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Shenmue 3 is faithful to its Dreamcast roots in both its gameplay and mechanics – which is either a blessing or a curse depending on your nostalgia

But even the best voice actors in the world couldn’t save the atrocious dialogue in play. It’s a Japanese game, made by a small Japanese team, so you have to allow some leeway for imperfect translations and cultural differences, but, even so, the writing is shocking. Characters take forever to say nothing – there are entire conversations that could be condensed into a single sentence. Ryo himself is the worst culprit – 90% of his dialogue is just repeating what someone else just said back at them with a question mark on the end.

NPC: “The monks have trained here for centuries.”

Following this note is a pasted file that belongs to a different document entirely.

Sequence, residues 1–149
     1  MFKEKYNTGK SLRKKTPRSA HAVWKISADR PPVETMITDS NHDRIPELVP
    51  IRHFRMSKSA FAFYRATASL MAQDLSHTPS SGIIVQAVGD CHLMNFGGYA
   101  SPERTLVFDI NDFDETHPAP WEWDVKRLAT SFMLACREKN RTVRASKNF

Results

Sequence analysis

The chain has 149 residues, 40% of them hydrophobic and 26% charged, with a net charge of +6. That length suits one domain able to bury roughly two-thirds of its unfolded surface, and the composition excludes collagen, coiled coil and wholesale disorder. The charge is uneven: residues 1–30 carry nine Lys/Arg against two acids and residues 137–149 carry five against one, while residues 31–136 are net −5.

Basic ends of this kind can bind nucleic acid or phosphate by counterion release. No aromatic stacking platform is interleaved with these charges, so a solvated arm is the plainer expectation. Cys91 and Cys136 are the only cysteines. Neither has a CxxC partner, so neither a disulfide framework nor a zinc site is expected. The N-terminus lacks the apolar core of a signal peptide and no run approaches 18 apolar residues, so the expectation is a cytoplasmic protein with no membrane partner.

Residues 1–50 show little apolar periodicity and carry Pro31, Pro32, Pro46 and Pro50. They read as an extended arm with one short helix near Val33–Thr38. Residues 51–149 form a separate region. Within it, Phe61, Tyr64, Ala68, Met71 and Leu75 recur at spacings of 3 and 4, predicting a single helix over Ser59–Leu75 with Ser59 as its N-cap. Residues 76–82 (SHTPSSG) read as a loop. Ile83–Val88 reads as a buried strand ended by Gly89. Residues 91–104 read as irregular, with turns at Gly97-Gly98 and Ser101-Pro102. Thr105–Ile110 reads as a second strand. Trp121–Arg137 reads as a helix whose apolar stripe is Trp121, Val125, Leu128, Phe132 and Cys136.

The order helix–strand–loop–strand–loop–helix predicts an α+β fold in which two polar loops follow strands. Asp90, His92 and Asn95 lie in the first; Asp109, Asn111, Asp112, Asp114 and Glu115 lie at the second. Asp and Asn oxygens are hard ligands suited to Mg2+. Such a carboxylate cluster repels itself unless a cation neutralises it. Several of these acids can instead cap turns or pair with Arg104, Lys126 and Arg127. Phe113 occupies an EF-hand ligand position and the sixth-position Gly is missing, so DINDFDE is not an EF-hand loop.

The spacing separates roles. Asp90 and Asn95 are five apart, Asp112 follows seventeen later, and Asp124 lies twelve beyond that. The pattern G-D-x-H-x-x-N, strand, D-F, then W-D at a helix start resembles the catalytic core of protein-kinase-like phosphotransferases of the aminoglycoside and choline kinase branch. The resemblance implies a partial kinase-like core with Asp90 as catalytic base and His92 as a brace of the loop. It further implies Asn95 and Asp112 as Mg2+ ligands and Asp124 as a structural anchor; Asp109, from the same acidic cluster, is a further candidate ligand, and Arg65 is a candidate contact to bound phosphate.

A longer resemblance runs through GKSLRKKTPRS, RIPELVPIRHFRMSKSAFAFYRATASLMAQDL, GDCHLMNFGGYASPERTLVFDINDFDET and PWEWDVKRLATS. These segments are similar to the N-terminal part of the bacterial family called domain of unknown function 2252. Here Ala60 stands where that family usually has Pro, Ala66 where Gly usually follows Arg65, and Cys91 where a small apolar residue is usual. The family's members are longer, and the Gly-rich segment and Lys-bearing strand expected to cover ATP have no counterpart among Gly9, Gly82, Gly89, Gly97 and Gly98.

Ryo: “Did you say centuries?”

NPC: “Yes, centuries.”

It’s just so bloody tedious and leads to a phenomenally slow pace as you trudge through endless streams of poorly written and woefully delivered dialogue. But that’s not even the worst thing about the dialogue. You see, every line of dialogue – every single line – takes place within a cutscene. So, if Ryo and Shenhua are walking down the path towards the village and someone needs to say something, you get warped into the cutscene dimension. Every. Single. Time. Did I mention that this game is 90% people talking? It’s infuriating.

When you’re not talking to NPCs and being pulled into the shadow realm, Shenmue 3’s other main draw is the combat. Ryo is often tasked with defeating thugs or sparring with kung fu masters to advance the plot. It’s a basic but functional combat system based on combos learned from skill books. You can input combos manually or cycle through moves to be automatically triggered by the R2 button, rendering the entire system pointless but making it more accessible. Fights usually come down to spamming the same combo at foes and hoping they aren’t blocking. You can also train at the dojo to increase Ryo’s health and to improve his damage output.